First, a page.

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Causal factors could be classified into four categories: 1 the nature of the demand, i. A major challenge in the water sector has been how to effectively implement initiatives founded on a set of general principles participation, integration, coordination, gender equity in a heterogeneous world made up of different cultures, social norms, physical attributes, availability of renewable and nonrenewable resources, investment funds, management capacities, and institutional arrangements.

The absence of rigorous comparative water research frameworks has affected the success of major global water initiatives such as IWRM, the current dominant paradigm for funding water sectors. In the absence of a unifying framework, it has been difficult to diagnose what the objective of an IWRM intervention should be, which tools might be suitable for a specific region, and whether the implementation has been successful [ Biswas , ; Franks and Cleaver , ]. First, the classification of regions into syndromes identifies both differences and similarities among regions.

Syndrome analysis offers a means to better inform policy interventions in the water sector.

However, in the absence of a unified framework, crafting solutions tailored to specific regions has remained a challenge. By grouping regions based on the syndromes and focusing on likely causal pathways of water crises, water managers and policy makers can begin to guide water resource development on the basis of relevant experiences across regions facing common problems.

They can better articulate the broad objectives, causal pathways, and possible solutions that might be applicable in a given region. For instance, regions facing groundwater depletion where ineffective control over groundwater is driven by poor enforcement of groundwater rules could be amenable to new monitoring technology or to participatory groundwater management programs.

Regions where groundwater is controlled but underpriced may be candidates for innovative pricing policy experiments. Improved predictability of an uncertain future depends on fully characterizing the behavior space of the coupled human—environment system [ Kumar , ]. Despite the fact that behavior of coupled human—water systems have been shown to be controlled by broader societal choices on culture, economy, and infrastructure [ IWMI , ] and institutions [ Ostrom , ], these latter are rarely factored into regional water resources models.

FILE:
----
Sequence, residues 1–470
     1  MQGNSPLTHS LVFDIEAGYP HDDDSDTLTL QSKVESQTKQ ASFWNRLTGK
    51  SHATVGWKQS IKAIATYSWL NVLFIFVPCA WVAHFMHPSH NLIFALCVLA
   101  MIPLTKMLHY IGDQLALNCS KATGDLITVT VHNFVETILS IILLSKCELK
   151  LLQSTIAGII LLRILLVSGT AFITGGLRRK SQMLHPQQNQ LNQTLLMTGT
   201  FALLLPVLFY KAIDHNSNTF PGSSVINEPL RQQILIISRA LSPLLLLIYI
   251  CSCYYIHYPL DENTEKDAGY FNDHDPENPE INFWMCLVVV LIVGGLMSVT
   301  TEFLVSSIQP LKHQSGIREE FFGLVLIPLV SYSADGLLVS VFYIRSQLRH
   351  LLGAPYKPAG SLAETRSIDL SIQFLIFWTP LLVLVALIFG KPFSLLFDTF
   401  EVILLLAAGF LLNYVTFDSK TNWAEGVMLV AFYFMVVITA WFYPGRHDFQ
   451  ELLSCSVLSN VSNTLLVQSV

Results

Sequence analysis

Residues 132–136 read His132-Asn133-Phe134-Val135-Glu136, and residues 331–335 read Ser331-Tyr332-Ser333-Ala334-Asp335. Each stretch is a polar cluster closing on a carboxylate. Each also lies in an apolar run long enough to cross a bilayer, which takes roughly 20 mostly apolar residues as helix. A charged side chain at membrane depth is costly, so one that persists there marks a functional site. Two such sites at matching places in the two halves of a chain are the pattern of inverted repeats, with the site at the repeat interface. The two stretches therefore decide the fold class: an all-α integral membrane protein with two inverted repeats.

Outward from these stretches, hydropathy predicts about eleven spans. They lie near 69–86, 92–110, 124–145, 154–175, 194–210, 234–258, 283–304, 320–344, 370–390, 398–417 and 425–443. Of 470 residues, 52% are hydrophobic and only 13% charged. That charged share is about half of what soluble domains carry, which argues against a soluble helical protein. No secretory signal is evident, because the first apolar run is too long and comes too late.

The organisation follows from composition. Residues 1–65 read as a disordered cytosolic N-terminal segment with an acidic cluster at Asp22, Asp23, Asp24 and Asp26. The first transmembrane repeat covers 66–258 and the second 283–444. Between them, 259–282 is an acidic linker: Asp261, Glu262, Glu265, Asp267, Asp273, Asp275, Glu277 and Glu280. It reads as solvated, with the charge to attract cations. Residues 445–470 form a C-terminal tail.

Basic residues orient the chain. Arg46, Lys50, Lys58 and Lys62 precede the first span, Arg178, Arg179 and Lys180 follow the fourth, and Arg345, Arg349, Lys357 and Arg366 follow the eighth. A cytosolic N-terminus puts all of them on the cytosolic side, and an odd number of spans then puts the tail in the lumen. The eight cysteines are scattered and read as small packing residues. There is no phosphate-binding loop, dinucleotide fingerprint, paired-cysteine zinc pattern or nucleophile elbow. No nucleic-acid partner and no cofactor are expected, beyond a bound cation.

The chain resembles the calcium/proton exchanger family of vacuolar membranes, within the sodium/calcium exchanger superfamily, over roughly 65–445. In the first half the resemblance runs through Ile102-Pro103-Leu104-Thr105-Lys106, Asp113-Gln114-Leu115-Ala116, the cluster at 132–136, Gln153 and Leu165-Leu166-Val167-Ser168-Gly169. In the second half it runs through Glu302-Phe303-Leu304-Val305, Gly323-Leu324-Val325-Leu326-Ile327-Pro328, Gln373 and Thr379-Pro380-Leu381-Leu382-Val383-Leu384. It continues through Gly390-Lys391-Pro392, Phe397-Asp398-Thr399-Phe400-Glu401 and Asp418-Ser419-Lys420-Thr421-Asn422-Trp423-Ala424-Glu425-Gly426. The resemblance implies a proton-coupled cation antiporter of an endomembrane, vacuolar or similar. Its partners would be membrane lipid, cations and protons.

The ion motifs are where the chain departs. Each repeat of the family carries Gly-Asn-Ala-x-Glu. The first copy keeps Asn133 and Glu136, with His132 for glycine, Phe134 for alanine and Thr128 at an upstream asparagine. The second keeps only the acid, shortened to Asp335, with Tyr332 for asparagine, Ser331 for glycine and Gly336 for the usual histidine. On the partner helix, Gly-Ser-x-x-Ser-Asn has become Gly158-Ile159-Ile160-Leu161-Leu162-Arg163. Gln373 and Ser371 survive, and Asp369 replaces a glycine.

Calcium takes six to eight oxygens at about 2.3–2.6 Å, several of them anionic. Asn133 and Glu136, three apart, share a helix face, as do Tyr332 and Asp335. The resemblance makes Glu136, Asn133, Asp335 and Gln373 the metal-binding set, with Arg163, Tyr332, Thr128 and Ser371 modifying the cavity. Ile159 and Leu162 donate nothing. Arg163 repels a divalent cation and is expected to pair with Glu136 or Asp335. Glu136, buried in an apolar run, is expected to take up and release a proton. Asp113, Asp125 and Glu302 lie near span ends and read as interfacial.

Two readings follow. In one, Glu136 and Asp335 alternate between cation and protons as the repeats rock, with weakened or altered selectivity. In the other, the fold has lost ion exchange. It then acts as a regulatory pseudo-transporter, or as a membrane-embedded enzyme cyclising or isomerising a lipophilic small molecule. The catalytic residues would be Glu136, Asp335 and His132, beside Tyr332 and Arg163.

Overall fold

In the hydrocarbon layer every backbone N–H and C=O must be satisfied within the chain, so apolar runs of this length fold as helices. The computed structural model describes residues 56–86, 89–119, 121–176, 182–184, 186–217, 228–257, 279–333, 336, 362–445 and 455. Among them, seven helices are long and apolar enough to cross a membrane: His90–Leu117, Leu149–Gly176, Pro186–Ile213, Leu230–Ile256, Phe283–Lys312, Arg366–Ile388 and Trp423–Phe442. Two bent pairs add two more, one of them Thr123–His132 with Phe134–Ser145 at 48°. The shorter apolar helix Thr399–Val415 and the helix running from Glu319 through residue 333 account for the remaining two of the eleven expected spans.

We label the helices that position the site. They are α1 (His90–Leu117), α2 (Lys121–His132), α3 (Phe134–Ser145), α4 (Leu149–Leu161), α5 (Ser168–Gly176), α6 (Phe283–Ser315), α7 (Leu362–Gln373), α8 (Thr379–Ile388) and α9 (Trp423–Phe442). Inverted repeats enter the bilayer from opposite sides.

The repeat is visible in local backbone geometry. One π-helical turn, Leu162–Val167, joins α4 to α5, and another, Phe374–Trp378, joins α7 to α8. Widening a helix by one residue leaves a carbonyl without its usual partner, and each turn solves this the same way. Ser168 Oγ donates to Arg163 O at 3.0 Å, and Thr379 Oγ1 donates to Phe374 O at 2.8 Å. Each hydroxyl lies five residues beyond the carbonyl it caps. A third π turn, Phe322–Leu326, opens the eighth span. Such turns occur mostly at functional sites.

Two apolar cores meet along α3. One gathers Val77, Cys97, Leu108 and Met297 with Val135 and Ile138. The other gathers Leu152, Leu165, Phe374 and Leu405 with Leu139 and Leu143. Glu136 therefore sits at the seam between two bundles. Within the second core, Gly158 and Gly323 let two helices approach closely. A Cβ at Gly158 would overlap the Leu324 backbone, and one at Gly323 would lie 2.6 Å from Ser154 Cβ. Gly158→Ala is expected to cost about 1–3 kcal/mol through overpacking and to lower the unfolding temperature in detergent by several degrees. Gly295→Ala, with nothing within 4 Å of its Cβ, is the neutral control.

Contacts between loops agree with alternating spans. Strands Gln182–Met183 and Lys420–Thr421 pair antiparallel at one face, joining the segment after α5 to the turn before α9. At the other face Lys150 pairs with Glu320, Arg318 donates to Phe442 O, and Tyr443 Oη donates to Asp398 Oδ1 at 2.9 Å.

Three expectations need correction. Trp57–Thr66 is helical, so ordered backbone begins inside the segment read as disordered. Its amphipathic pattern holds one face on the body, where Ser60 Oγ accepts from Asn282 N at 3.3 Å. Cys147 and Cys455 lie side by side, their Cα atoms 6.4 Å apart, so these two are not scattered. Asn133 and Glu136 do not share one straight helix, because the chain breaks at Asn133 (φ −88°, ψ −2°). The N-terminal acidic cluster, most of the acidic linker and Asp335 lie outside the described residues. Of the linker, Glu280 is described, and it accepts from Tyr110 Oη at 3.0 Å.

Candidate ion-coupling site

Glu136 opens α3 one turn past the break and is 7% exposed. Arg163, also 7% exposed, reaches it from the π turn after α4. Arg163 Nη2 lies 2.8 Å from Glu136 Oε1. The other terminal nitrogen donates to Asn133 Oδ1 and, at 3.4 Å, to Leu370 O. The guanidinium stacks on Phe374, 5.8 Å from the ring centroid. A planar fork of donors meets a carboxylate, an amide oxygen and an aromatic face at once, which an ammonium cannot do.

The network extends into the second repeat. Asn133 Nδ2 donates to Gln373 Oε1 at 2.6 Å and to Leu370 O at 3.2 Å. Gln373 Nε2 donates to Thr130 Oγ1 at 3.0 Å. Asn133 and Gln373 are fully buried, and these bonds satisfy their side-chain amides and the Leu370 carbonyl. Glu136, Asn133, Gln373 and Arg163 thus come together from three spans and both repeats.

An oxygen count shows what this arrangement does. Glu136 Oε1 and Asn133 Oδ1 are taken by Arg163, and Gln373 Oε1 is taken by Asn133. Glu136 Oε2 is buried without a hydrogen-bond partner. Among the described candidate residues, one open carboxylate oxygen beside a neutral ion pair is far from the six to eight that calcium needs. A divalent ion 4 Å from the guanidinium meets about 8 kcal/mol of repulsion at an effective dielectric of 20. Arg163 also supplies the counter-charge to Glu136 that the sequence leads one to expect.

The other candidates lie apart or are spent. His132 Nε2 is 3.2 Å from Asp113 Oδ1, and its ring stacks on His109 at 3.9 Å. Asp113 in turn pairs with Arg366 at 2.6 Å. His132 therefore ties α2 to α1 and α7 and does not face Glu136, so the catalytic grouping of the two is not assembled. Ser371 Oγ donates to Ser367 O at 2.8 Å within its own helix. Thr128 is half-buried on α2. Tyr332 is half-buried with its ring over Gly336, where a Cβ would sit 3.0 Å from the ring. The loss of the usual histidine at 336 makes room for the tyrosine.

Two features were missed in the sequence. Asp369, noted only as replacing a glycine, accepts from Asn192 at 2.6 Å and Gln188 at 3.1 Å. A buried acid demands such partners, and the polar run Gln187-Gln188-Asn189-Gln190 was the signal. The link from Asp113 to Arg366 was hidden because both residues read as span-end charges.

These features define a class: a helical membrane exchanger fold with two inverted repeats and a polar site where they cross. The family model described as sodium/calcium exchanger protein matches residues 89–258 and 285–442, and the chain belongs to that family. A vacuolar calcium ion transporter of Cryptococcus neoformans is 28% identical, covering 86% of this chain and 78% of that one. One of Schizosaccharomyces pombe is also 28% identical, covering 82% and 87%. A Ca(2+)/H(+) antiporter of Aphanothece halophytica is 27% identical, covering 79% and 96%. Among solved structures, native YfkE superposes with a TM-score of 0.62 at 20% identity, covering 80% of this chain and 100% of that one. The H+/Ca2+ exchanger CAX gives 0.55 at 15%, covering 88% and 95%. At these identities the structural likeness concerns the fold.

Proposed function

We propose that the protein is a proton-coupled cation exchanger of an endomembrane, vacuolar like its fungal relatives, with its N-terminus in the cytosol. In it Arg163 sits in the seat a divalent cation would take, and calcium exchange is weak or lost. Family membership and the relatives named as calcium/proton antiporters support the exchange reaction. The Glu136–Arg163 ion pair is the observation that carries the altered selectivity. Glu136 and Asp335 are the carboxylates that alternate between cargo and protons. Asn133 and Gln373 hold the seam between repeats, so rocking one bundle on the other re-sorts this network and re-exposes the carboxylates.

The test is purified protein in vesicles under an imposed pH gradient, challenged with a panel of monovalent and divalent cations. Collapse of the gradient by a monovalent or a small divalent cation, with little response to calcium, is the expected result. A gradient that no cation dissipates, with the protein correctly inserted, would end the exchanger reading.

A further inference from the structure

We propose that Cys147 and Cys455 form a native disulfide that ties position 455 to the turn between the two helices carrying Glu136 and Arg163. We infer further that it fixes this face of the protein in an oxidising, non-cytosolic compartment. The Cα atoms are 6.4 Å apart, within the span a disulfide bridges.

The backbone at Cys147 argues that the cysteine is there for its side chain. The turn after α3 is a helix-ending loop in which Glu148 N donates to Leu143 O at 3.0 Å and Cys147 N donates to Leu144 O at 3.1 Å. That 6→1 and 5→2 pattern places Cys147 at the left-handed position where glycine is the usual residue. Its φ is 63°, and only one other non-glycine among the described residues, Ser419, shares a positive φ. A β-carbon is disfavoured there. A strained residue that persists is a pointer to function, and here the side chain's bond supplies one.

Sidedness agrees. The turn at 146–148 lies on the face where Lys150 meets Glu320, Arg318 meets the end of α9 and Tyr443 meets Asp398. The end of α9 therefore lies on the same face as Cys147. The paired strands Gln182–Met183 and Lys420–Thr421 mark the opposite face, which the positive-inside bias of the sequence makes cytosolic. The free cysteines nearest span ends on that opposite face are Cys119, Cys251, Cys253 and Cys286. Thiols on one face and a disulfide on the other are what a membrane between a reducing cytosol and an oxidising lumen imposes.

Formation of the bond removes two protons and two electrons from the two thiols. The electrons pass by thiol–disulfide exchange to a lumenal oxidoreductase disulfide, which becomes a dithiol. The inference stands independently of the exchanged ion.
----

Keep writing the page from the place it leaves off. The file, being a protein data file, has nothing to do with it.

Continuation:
By exogenously setting such factors as demand, cropping patterns, land use, property rights, and prices, many models constrain their results artificially. Major policy analysis briefs [ The Water Resources Group , ] continue to frame the problem in terms of meeting the demand—supply gap, that is, the idea that demand for water is driven by other underlying factors.

Water resources problems are particularly hard to characterize. A dual objective of meeting basic human needs but still leaving enough for the environment and future generations must be achieved under uncertainty for both surface water and groundwater blue water and soil water green water hydrologic components. As a result, efforts to link water to the literature on food security, the ecosystem, and human health have proved challenging [ Kajikawa et al.

This has occurred for two reasons. Research in water has been fragmented both by discipline and by region. Without a common framework to organize relevant variables identified from theories and empirical research, diverse studies merely give rise to fragmented knowledge. We analyzed 22 interdisciplinary, water resources, subnational, regional studies from around the world. The case studies indicate that although there is no universal metric that definitely captures every type of water crises, different regions of the world show a limited suite of distinct resource utilization patterns by urban, agricultural, and ecosystem uses.

This suite comprises six syndromes:.

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Each of these categories was associated with a set of causal factors that could be broadly classified into demand and supply changes, governance systems, and infrastructure. Our study suggests that each syndrome is generated by a limited set of causal pathways. Societies make choices on how to harness water resources, how much to leave to nature, and how to distribute water resources among sectors and agents in ways that reflect inherent resource limitations, cultural values, historical context, and political realities.